This “soot” from burned palms from Palm Sunday helps us mark a new Liturgical season. Much of what we do in this season developed from St. Cyril, Bishop of Jerusalem, whom we remember in March on the date of his death in 386.7
Like St. Cyril, you know that you are dust & to dust you will return. Like the newest saints in heaven, the 21 Coptic Christians killed, you also know that you are you are Beloved Dust8.
Knowing how profoundly Jesus loves us, gives martyrs, such as the 21 newest saints, the strength
to declare their faith in their last breath.
Each said: “Jesus, save me.”9
Ashes to Go. http://ashestogo.org/about/. Accessed 5 March 2014.
Christ Our Hope: Daily Lenten Devotions of Henri J. Nouwen. Ed: Paul Pennick. Creative Communications for the Parish. www.creativecommunications.com.
The Book of Common Prayer. New York: Church Publishing, Inc. 1986.
Harper’s Bible Dictionary. General Ed.: Paul J. Achtemeier. San Francisco: Harper & Row Publishers. 1985.
Holy Bible with the Apocrypha. New Revised Standard Version. New York: Oxford University Press, 1989.
Hughes, Robert Davis III. Beloved Dust: Tides of the Spirit in the Christian Life. New York: The Continuum International Publishing Group Inc. 2008.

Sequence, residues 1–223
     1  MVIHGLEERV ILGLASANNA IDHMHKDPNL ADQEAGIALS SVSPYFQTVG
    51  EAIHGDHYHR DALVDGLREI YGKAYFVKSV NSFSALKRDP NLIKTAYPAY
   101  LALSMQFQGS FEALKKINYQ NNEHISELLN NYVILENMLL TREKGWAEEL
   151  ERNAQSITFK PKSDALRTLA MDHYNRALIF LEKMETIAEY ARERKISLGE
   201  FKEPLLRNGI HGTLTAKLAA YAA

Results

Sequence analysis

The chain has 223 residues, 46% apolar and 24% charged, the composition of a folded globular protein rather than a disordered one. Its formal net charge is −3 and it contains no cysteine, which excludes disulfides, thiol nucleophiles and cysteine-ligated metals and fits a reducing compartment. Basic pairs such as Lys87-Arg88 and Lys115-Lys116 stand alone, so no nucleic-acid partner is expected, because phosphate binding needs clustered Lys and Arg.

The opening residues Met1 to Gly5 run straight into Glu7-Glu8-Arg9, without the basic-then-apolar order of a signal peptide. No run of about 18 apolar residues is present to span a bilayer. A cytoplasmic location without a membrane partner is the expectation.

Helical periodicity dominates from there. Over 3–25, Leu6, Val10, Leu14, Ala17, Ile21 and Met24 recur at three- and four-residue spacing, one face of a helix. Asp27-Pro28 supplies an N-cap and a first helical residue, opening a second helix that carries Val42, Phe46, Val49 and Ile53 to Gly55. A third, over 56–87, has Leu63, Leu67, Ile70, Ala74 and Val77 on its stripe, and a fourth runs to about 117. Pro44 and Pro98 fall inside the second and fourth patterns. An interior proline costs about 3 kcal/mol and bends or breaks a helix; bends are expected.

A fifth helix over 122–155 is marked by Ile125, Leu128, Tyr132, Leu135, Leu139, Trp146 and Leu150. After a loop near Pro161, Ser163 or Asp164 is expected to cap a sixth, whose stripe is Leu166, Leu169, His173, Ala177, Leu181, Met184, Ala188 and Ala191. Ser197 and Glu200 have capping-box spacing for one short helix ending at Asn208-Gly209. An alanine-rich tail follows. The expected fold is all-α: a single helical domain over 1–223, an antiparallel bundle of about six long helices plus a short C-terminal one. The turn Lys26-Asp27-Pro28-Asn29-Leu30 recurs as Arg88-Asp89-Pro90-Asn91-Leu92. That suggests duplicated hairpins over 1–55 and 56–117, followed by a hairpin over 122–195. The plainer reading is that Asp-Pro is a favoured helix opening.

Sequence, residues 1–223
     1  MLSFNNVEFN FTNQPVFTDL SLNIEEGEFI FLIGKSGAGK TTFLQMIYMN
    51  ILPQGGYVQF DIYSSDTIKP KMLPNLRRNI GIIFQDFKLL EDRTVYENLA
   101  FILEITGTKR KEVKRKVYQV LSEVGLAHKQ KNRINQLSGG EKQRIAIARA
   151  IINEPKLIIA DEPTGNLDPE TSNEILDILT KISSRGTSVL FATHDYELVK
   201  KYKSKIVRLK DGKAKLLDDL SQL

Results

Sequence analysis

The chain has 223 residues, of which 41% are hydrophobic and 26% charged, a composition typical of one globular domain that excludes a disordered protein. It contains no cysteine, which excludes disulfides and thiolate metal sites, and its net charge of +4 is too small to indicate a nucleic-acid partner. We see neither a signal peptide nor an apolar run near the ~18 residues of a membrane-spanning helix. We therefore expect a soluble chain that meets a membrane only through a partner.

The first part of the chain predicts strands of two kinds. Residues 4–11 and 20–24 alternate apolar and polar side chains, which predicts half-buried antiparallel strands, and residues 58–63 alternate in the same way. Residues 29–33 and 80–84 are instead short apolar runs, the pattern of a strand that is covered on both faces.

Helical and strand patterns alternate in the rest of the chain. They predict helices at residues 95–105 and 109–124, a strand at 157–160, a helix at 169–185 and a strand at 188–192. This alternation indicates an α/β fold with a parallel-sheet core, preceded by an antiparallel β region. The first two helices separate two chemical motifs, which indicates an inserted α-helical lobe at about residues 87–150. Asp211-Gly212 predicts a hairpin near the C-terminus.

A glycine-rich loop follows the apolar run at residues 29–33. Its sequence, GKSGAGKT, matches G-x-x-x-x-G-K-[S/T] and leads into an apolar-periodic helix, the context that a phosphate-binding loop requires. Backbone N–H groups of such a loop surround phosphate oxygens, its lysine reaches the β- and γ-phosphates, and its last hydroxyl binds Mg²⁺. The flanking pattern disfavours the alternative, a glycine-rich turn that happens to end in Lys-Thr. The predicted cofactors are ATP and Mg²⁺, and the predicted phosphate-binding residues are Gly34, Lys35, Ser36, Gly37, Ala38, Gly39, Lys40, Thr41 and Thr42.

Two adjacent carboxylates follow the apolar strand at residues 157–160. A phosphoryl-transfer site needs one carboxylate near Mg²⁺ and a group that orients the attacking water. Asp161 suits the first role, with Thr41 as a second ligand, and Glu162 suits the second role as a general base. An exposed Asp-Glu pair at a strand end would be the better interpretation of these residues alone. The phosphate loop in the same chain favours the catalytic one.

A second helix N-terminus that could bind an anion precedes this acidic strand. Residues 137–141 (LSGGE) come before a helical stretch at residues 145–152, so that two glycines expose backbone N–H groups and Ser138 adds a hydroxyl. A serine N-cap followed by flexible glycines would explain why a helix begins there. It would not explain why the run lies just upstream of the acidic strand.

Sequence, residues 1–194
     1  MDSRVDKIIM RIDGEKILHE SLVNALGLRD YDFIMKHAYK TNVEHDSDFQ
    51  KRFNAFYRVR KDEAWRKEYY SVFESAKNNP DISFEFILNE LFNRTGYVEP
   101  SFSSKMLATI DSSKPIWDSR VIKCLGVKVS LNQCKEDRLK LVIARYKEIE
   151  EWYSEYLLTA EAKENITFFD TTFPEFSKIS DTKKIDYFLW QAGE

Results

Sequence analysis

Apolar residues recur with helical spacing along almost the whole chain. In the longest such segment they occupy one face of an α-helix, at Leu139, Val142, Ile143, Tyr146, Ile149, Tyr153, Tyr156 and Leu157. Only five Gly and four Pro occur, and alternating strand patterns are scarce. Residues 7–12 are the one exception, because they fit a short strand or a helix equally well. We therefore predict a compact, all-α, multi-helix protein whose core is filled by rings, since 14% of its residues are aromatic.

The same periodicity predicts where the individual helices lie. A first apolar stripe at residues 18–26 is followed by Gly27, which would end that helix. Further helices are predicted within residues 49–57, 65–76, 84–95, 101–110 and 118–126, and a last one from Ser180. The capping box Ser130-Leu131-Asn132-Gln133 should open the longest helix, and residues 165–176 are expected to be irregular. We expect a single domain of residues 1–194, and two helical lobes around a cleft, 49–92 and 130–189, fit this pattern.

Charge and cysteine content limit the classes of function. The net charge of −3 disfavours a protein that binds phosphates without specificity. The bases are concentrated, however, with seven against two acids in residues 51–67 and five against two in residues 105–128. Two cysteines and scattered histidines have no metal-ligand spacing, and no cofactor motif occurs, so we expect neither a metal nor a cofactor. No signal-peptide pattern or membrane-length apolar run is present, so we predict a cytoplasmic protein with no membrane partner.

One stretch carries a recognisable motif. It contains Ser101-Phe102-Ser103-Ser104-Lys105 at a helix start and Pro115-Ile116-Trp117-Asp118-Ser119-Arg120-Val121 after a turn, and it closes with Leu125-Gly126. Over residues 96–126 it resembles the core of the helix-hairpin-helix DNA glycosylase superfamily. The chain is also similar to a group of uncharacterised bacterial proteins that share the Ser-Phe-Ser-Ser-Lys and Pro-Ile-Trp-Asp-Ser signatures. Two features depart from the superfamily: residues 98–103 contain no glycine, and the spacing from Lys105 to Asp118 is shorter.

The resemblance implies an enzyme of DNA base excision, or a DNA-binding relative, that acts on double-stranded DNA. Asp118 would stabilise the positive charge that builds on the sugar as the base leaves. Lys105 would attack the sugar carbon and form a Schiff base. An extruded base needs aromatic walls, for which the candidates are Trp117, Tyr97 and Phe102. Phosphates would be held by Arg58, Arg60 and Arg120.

Jewish Study Bible: Jewish Publication Society TANAKH Translation. New York: Oxford University Press. 2004.
Lectionary Page. http://www.lectionarypage.net/. Accessed: 16 Feb. 2015.
Lesser Feasts and Fasts: 2003. New York: Church Publishing. 2003.
New Oxford Annotated Bible with the Apocrypha. Eds: Herbert G. May, Bruce M. Metzger. New York: Oxford University Press, Incorporated, 1977.
Taylor, Porter. From Anger to Zion: An Alphabet of Faith. Harrisburg: Morehouse Publishing: A Continuum imprint. 2004.
Words of Our Worshop: A Liturgical Dictionary. Compiled by: Charles Mortimet Guilbert. New York: The Church Hymnal Corp. 1988.
1 Taylor, Porter. From Anger to Zion: An Alphabet of Faith. P. 37.
4 Ibid. P. 52.
6 Jewish Study Bible: Jewish Publication Society TANAKH Translation. P. 1169.
7 Lesser Feasts and Fasts: 2003. P. 190-191.
8 Concept from Hughes, Robert Davis III. Beloved Dust: Tides of the Spirit in the Christian Life.
9 Quotation Source: Various news reports.